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good news for downloaders

Discussion in 'General Discussion Forum' started by Berkeley_Eagle, Feb 4, 2010.

  1. Berkeley_Eagle

    Berkeley_Eagle Current Status: 24/7 Manly Fan

    +2,125 /14
    Film industry loses landmark piracy case

        * By staff writers
        * From: news.com.au
        * February 04, 2010 10:41AM


    INTERNET service provider iiNet has won a major legal battle over whether it should be held responsible for its customers downloading content illegally.

    The case, against the Australian Federation Against Copyright Theft, could have had major implications for the way internet providers police their users.

    If AFACT had won, providers would likely have been forced to penalise or disconnect users who illegally downloaded copyrighted material such as movies and songs.

    However Federal Court judge Justice Dennis Cowdroy today found iiNet was not responsible for the infringements of its users.

    "It is impossible to conclude that iiNet has authorised copyright infringement... (it) did not have relevant power to prevent infringements occurring," Justice Cowdroy said in his judgment.

    Justice Cowdroy recommended the application be dismissed and that AFACT pay the court costs.
  2. ManlyBacker

    ManlyBacker Winging it Staff Member

    +972 /7
    I never thought they would win. The point is that they went after the provider on the basis that they were responsible for knowing what content was being downloaded. On that same basis a provider could face charges of knowingly allowing the distribution of child pornography (for example) and would enforce the monitoring of all users activity. Most cases have been won by tracing specific content to individuals.
  3. Zep

    Zep Active Member

    +8 /0
    Yeah, and the way that most movies are downloaded via bittorrent makes it nigh on impossible to determine whether or not it makes up a copyrighted file. You would have to look on the users comp for any comparison.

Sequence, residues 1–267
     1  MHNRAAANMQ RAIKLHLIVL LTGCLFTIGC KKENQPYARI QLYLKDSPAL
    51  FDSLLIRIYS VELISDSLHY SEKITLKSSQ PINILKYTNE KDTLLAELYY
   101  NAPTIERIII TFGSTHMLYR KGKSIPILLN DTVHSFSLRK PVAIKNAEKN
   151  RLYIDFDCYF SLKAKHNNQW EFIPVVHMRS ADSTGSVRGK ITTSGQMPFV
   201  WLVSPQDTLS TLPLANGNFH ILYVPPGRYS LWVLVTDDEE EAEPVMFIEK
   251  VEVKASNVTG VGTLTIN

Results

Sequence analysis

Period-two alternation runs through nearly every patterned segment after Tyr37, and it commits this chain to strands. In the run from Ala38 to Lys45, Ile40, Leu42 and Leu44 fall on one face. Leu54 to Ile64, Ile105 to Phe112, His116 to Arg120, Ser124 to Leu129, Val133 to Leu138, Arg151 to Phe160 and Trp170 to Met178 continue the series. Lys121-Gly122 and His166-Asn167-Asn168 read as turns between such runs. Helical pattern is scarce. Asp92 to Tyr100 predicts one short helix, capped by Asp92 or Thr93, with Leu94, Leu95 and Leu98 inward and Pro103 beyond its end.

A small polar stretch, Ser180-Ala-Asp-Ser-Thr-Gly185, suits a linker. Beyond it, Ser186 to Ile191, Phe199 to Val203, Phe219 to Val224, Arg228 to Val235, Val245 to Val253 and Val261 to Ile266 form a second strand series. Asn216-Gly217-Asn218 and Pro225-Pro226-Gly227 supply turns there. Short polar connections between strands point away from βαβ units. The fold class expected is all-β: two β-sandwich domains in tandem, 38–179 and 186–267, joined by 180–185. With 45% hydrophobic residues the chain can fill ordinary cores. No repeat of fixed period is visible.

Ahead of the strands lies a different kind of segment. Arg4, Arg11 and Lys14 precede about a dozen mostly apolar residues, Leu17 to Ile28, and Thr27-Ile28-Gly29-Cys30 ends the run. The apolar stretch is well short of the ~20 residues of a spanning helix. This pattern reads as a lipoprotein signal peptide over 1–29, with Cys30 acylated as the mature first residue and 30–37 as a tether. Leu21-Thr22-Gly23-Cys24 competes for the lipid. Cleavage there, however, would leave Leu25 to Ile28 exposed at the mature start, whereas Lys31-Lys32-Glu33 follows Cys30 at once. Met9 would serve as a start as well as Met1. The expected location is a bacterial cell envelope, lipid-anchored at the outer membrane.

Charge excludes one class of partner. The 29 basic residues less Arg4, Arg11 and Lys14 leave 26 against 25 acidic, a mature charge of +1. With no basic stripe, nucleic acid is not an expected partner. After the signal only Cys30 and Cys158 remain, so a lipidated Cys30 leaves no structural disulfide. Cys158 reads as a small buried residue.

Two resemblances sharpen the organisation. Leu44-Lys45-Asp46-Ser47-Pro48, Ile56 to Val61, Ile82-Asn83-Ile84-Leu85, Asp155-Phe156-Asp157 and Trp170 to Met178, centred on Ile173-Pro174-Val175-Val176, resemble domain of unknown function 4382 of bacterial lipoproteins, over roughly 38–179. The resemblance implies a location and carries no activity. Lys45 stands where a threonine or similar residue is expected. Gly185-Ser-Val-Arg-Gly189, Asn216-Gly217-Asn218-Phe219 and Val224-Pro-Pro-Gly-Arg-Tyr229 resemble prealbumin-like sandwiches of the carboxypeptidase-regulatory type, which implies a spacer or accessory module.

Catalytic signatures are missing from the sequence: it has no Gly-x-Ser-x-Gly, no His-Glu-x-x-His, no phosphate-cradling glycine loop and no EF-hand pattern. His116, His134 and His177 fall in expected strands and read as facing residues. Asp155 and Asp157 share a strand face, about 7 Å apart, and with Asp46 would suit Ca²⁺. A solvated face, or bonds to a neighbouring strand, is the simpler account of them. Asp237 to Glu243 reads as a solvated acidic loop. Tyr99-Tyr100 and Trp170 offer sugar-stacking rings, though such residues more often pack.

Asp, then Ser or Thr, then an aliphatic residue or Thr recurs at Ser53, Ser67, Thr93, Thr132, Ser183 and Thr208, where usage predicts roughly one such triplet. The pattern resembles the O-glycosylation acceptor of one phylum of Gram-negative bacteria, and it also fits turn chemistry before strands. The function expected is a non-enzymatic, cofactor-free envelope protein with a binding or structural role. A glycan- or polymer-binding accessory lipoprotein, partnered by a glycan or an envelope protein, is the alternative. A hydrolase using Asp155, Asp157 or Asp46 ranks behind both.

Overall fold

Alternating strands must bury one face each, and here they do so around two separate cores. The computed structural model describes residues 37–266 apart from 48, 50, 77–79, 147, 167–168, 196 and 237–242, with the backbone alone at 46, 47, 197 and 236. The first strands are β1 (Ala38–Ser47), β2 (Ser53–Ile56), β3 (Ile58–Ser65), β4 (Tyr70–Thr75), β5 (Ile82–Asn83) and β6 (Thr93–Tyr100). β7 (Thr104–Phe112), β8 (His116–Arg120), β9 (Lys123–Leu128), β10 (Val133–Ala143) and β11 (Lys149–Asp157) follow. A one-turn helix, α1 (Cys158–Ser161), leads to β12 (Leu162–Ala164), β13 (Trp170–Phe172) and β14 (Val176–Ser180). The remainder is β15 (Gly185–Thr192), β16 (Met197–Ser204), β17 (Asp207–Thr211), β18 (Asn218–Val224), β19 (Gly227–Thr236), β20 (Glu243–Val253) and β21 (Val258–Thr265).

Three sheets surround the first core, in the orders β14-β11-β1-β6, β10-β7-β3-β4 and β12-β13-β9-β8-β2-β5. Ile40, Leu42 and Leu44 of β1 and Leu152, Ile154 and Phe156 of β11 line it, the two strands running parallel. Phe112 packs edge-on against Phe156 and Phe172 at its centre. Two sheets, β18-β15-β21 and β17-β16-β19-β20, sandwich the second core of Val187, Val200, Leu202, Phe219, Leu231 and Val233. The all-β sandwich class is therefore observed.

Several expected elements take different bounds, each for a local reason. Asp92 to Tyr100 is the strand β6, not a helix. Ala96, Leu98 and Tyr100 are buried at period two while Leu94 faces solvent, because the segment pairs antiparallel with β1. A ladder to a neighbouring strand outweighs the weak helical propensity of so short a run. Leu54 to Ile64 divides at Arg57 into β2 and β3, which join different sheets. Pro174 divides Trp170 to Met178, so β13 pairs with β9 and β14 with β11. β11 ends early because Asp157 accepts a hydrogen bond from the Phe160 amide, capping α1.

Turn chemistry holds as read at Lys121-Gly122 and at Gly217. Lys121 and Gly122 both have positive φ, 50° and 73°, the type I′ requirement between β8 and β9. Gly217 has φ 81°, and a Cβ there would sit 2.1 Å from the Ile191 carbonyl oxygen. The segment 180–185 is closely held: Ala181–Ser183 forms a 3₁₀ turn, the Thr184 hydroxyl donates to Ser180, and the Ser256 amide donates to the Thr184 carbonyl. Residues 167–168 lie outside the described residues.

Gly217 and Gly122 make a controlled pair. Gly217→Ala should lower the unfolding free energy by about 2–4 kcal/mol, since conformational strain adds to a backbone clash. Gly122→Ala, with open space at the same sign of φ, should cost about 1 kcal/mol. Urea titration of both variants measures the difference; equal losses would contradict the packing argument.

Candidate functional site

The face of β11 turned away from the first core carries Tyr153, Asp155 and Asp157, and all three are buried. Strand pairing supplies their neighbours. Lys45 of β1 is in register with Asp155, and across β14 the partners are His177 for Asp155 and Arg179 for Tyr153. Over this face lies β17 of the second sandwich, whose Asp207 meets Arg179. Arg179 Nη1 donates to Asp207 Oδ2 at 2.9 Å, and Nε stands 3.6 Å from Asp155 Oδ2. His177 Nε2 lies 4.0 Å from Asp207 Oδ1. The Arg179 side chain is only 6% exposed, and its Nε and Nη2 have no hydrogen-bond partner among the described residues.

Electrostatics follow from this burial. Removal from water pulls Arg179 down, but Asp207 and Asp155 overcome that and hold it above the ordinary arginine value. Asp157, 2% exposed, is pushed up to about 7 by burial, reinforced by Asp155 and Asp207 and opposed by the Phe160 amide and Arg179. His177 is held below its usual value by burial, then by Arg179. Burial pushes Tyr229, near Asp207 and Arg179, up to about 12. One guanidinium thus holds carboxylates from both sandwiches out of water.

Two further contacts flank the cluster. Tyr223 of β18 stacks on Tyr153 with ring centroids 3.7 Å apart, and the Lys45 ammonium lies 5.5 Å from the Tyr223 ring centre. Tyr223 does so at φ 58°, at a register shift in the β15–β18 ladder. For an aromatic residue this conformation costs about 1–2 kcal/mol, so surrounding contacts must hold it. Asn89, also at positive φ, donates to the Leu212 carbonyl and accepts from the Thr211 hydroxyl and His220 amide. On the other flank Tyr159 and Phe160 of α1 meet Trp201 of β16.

4. fLIP

    fLIP UFO Hunter

    +1,324 /37
    This is what Rudd's government will slowly learn. You just can't possibly censor the internet or control what people have access to on it. You also cannot hold anybody but the law breaking individual at fault.

    Just because Holden sold me a car that can break the speed limit doesn't mean they are at fault when i kill a family of 5 doing it.
  5. Zep

    Zep Active Member

    +8 /0
    Internet censorship is truly wrong, very wrong!
  6. Matabele

    Matabele Well-Known Member

    +516 /14
    These record/movie companies need to take responsibility for their own business model.  If they provided what their customers wanted, rather than use them as an opportunity to screw every last cent out of them, perhaps they wouldn't have such a problem with the take-up on pirating.  A lot of pirating is about chasing choices that the big companies won't provide.
  7. fLIP

    fLIP UFO Hunter

    +1,324 /37
    Not to mention mata, these industries need to be cautious of biting the hand that feeds them.

    Digital distribution these days (without knowing exact figures) has to be worth more dollars than any of us could ever imagine.
  8. Zep

    Zep Active Member

    +8 /0
    If CD's were under 10 dollars a pop instead of over 35 for new ones that might find people would start buying them again. I like the idea that you have the CD + a the availability to copy from said CD or a second CD the digital version of it.
  9. fLIP

    fLIP UFO Hunter

    +1,324 /37
    I ALWAYS buy the CD.

    A couple of years back i did a format of my computer. I did not backup my itunes music because i was of the impression it was much like steam gaming network. You buy content, you own the content, you have the right to download that content whenever you choose an unlimited number of times.

    WRONG! I had to go through a rigmaroll to allow apple to let me download my music again.

    The second time, when my hard drive crashed, well that was just too many times for them. $200 - $300 worth of music gone.

    This is due to some bull**** about apple paying a licence fee everytime they let a person download a song from memory.

    Still I bought the music surly i own the right to access it, whether its on my hard drive or their servers.
  10. Canteen Worker

    Canteen Worker Well-Known Member

    +215 /5
    Flip - I regularly back up my music onto a hard disk that gets stored separately. What gets me is that Apple plus others charge $1.69 per song here (sometimes $2.19) and in the US they charge 99c.

    There aint that much difference in the exchange rate!!!!

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